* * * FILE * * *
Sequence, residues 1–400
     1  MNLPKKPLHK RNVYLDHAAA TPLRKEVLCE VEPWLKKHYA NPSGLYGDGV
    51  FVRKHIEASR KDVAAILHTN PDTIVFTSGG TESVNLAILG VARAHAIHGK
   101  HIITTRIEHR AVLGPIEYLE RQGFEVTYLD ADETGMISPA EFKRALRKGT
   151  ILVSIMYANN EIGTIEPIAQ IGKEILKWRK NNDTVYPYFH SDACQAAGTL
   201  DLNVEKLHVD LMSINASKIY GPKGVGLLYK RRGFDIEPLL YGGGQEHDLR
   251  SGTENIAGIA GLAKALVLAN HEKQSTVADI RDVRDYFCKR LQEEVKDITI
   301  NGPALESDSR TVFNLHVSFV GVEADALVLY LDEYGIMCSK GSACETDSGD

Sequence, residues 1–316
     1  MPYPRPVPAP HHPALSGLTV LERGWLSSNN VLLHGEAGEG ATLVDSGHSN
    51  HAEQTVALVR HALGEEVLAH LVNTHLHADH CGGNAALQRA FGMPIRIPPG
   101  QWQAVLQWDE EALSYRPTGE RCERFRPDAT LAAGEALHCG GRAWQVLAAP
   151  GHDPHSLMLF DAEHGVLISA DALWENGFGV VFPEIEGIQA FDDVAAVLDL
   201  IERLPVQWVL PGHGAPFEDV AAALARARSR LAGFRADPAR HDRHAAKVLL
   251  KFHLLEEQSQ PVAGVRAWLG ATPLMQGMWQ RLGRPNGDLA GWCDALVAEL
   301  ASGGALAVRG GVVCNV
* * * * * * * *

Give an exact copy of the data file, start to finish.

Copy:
Sequence, residues 1–400
     1  MNLPKKPLHK RNVYLDHAAA TPLRKEVLCE VEPWLKKHYA NPSGLYGDGV
    51  FVRKHIEASR KDVAAILHTN PDTIVFTSGG TESVNLAILG VARAHAIHGK
   101  HIITTRIEHR AVLGPIEYLE RQGFEVTYLD ADETGMISPA EFKRALRKGT
   151  ILVSIMYANN EIGTIEPIAQ IGKEILKWRK NNDTVYPYFH SDACQAAGTL
   201  DLNVEKLHVD LMSINASKIY GPKGVGLLYK RRGFDIEPLL YGGGQEHDLR
   251  SGTENIAGIA GLAKALVLAN HEKQSTVADI RDVRDYFCKR LQEEVKDITI
   301  NGPALESDSR TVFNLHVSFV GVEADALVLY LDEYGIMCSK GSACETDSGD

Sequence, residues 1–316
     1  MPYPRPVPAP HHPALSGLTV LERGWLSSNN VLLHGEAGEG ATLVDSGHSN
    51  HAEQTVALVR HALGEEVLAH LVNTHLHADH CGGNAALQRA FGMPIRIPPG
   101  QWQAVLQWDE EALSYRPTGE RCERFRPDAT LAAGEALHCG GRAWQVLAAP
   151  GHDPHSLMLF DAEHGVLISA DALWENGFGV VFPEIEGIQA FDDVAAVLDL
   201  IERLPVQWVL PGHGAPFEDV AAALARARSR LAGFRADPAR HDRHAAKVLL
   251  KFHLLEEQSQ PVAGVRAWLG ATPLMQGMWQ RLGRPNGDLA GWCDALVAEL
   301  ASGGALAVRG GVVCNV